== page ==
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Duck boat's video system shows captain referencing weather radar

Posted at 2:19 PM, Jul 27, 2018

KANSAS CITY, Mo. — Video recordings from the duck boat that sank near Branson, Missouri killing 17, shows the captain making a reference to the weather radar about 30 minutes before the boat entered the water.

The National Traffic and Safety Board has completed its initial review of a video recorder system recovered from the duck boat that sank on Table Rock Lake during a storm. Thirty-one people were on board at the time.

According to the NTSB, the boat had four outward-facing cameras and one inward-facing camera.  

About 30 minutes before the boat entered the water, the captain made a verbal reference to the weather radar and the crew was told to take the water portion of the tour first.

The NTSB release says the video shows the captain giving a safety briefing to the passengers, detailing the location of emergency exits, life vests, and life rings. He also demonstrated how to put on a life vest.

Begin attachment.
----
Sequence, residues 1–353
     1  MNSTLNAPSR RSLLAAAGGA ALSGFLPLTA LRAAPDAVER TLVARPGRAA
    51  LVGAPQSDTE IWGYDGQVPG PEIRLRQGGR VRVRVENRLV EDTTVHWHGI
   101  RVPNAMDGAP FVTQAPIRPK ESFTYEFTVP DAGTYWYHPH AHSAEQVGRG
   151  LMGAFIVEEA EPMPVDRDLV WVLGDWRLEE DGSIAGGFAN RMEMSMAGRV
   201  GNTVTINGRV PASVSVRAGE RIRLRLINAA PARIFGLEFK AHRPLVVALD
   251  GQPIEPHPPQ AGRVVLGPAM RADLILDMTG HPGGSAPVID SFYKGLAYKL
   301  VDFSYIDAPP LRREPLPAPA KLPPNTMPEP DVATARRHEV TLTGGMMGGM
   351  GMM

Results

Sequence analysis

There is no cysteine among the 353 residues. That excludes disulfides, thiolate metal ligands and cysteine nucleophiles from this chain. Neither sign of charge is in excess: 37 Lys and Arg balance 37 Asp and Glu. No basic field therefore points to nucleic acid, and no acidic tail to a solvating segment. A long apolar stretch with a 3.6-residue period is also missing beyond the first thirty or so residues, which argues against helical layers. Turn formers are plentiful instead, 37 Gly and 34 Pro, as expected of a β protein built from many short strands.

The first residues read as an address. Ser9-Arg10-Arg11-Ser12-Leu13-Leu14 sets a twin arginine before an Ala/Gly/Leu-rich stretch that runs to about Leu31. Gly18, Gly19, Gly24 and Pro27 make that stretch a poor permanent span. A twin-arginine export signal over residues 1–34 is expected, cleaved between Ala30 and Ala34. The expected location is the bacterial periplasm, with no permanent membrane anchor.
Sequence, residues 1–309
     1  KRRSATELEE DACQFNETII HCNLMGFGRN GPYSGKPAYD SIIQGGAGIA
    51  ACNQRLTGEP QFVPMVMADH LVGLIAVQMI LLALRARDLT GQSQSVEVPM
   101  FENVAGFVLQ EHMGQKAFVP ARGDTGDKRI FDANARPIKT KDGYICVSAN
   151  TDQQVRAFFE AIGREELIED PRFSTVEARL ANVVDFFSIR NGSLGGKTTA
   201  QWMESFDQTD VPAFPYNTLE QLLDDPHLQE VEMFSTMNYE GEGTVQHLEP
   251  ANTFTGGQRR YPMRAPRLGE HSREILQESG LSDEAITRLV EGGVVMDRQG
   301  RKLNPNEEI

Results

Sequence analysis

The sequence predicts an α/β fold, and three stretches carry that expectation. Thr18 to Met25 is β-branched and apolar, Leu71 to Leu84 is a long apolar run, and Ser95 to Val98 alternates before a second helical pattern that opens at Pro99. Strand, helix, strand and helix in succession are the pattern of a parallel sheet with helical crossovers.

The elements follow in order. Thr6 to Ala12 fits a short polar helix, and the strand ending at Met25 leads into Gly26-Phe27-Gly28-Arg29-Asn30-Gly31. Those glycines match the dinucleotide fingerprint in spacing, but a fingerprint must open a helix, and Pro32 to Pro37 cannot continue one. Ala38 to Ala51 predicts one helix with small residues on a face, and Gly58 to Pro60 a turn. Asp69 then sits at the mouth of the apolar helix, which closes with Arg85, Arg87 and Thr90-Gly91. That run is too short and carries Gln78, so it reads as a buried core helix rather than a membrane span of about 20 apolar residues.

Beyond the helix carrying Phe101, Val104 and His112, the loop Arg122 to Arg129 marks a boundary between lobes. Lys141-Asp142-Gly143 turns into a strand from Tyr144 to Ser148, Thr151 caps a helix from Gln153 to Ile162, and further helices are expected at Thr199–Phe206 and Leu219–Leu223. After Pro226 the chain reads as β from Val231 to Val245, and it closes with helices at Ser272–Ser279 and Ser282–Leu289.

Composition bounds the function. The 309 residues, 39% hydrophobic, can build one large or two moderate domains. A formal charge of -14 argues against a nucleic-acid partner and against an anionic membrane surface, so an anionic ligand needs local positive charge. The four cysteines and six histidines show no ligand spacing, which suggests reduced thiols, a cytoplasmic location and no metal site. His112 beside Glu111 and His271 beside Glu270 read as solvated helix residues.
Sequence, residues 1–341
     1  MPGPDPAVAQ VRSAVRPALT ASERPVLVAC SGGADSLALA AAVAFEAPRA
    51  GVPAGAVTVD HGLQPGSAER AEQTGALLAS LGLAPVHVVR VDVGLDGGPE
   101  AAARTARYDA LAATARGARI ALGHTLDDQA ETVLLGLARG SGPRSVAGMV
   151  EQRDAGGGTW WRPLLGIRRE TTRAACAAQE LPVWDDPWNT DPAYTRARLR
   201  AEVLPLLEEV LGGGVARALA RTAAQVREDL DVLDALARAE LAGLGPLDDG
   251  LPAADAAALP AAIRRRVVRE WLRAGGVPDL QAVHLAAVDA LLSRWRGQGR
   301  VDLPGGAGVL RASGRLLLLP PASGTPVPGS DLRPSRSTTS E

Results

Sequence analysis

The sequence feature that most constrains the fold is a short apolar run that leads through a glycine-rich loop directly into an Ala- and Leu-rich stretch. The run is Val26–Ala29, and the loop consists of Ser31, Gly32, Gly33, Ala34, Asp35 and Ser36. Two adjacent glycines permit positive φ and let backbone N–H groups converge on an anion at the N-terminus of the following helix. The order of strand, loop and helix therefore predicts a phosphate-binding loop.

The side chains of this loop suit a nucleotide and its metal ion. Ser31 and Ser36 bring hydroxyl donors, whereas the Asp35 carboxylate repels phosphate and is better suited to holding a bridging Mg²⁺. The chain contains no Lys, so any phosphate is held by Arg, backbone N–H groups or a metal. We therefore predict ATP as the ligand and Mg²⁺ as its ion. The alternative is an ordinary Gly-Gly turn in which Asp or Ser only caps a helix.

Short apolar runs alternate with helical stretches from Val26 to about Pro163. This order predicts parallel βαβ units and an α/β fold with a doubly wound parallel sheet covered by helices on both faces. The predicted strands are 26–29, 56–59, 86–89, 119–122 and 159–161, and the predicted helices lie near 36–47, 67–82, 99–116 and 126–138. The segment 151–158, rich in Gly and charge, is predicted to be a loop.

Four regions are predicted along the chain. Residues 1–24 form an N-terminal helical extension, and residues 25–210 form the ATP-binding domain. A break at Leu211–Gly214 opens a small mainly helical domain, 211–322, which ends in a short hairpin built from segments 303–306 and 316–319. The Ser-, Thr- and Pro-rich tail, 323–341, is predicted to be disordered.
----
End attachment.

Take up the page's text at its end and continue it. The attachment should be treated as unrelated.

The NTSB notes that video shows the waters were calm when the boat entered the water at about 6:55 p.m. The boat's captain even let four different children sit in the driver's seat while the tour was going on. 

According to the NTSB, whitecaps appeared suddenly on the water as winds rapidly increased about five minutes later. The captain then went back to the driver's seat. The video also shows the captain making several calls on a handheld radio, but the audio is unintelligible. 

The final minutes of the recording show water splashing inside the vehicle's passenger compartment. The bilge alarm, which indicates when water is getting to a dangerous level, goes off about a minute before the recording ends.

The boat was still above water at about 7:08 p.m. when the inward recording stops.